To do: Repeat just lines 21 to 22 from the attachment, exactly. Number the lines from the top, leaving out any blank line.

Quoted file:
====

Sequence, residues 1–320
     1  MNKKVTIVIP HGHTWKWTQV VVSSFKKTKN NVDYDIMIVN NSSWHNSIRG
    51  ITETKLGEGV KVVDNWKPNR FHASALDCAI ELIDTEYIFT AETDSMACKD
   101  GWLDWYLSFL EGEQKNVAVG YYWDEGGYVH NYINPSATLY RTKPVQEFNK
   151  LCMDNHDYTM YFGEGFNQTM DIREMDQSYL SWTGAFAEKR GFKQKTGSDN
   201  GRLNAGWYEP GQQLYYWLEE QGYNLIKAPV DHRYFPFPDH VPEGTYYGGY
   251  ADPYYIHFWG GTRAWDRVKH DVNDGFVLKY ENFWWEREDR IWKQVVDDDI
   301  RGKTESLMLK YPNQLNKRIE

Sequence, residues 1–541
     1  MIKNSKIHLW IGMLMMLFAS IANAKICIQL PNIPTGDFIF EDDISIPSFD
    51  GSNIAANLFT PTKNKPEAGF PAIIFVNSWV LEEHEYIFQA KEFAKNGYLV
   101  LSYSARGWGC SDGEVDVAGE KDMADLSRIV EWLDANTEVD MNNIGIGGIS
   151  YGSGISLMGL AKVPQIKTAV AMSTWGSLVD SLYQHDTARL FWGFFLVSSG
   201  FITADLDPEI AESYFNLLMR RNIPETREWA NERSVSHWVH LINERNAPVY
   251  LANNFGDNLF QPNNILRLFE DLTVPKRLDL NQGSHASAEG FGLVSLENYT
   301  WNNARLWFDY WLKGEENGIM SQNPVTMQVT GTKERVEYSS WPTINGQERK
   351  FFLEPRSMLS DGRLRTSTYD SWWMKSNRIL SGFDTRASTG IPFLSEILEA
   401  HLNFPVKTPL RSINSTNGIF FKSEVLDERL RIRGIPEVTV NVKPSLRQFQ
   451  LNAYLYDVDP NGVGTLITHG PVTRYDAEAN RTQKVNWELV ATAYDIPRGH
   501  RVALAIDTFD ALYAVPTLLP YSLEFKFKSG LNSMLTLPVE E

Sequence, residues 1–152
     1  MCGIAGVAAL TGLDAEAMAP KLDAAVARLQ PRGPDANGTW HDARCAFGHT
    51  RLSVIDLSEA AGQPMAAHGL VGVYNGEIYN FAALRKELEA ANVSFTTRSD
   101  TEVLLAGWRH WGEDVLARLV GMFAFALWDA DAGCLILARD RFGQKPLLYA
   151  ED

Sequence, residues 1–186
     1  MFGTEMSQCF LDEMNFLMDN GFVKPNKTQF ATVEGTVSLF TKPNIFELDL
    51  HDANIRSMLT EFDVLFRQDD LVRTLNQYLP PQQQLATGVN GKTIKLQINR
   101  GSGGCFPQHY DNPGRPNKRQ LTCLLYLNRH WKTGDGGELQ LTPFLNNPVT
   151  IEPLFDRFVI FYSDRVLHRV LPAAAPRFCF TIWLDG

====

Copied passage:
Sequence, residues 1–152
     1  MCGIAGVAAL TGLDAEAMAP KLDAAVARLQ PRGPDANGTW HDARCAFGHT